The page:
Myanmar is combatting a low-hanging local currency amid an unprecedented dollar shortage that drove up the cost of imports. It has aggravated the economy’s struggle with dual challenges of the pandemic and post-coup financial isolation.
Myanmar’s national currency kyat has tumbled nearly 60% since the military seized power this February. It triggered a freeze on the key sources of foreign currency supplies of Myanmar’s foreign reserves held in the US, and suspension of multilateral aids. The safety of money in banks is fueling worries as the restriction on cash withdrawals is seen in the country.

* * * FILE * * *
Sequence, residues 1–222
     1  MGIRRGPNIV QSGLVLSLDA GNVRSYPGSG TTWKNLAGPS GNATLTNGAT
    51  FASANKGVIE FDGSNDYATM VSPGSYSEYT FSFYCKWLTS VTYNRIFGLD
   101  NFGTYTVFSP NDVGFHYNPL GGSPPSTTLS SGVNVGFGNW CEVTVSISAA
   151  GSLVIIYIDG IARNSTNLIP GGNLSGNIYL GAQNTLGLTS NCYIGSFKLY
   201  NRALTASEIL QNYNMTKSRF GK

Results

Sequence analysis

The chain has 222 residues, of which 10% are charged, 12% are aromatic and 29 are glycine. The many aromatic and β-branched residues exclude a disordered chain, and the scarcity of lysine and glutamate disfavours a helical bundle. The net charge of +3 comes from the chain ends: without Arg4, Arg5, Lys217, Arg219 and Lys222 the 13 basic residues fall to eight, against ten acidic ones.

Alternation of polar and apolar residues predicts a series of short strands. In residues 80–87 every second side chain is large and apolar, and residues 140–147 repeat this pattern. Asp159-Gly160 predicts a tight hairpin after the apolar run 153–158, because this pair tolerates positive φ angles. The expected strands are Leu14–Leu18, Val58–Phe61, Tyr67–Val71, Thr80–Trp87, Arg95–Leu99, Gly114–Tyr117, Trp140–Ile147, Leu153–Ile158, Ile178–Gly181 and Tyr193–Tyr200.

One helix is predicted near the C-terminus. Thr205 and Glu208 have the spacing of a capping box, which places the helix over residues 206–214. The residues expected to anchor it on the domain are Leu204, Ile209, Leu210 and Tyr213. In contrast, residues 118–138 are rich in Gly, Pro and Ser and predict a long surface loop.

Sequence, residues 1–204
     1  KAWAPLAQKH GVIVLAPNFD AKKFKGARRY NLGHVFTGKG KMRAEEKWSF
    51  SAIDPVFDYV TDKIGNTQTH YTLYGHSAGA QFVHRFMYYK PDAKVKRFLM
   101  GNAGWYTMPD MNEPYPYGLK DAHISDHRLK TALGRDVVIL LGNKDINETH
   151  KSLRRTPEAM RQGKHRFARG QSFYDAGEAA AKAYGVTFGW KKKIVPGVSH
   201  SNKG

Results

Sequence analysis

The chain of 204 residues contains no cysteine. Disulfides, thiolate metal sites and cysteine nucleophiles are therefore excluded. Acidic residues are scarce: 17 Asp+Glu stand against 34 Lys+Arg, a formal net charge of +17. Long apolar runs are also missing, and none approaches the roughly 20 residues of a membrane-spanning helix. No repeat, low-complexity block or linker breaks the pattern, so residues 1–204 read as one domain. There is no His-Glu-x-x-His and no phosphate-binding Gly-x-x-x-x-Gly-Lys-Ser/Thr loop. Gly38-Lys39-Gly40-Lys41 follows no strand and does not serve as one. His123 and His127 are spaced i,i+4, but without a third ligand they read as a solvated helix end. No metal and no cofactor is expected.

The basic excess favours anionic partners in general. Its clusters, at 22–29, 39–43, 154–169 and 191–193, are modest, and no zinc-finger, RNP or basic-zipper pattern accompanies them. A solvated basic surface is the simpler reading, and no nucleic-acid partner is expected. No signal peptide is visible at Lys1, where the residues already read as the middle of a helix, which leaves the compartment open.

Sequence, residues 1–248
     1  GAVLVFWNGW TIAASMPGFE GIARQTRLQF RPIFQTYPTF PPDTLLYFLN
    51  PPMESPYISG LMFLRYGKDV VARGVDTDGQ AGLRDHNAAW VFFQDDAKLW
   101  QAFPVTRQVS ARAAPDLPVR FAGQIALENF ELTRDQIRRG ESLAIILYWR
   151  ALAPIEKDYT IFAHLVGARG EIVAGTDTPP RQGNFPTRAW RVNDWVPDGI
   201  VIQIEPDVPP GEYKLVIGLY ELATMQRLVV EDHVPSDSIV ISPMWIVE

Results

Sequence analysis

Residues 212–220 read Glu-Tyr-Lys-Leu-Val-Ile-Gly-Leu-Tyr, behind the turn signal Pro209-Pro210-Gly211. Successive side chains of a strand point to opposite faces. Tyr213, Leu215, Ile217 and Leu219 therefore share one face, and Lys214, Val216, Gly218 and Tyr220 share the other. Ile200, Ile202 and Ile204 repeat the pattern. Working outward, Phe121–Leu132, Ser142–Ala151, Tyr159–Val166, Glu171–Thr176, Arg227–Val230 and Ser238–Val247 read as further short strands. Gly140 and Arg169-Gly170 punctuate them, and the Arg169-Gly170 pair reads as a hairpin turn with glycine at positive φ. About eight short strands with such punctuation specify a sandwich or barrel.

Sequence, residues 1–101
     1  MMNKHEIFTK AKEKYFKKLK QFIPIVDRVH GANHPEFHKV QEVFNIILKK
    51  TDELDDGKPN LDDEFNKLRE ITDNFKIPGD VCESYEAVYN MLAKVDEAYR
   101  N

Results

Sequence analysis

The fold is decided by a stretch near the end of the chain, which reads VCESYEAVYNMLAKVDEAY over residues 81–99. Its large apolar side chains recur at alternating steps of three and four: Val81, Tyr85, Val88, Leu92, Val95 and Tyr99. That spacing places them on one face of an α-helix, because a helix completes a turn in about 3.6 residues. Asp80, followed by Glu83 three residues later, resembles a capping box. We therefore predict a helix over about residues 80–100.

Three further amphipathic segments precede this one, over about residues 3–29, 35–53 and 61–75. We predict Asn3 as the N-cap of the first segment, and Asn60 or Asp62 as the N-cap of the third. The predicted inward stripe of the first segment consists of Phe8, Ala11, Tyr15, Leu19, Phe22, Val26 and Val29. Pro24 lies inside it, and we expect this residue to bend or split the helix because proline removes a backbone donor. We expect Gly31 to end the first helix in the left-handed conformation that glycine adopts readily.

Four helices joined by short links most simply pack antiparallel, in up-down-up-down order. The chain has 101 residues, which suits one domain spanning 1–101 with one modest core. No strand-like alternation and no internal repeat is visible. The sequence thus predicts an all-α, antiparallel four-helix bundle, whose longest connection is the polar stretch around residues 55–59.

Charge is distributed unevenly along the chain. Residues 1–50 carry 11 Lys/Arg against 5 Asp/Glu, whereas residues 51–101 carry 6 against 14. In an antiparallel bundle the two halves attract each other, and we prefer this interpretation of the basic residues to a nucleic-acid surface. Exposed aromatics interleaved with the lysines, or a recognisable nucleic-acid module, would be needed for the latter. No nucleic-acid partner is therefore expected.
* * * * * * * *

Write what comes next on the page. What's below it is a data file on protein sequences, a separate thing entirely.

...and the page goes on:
The money chargers have pulled down their shutters after the shortage of dollars was seen. As pressure mounted on the exchange rate, the Central Bank of Myanmar abandoned its attempts to fix the kyat at 0.8% on either side of its benchmark rate against the dollar.
According to the World Bank, it predicts Myanmar’s economy to witness a slump of a further 18% this year majorly due to the pandemic. This could lead to the biggest contraction in employment in the nation and the number of poor in the country would rise.
A senior executive at a Myanmar bank said, ”the worse the political situation is, the worse the currency rate will be.”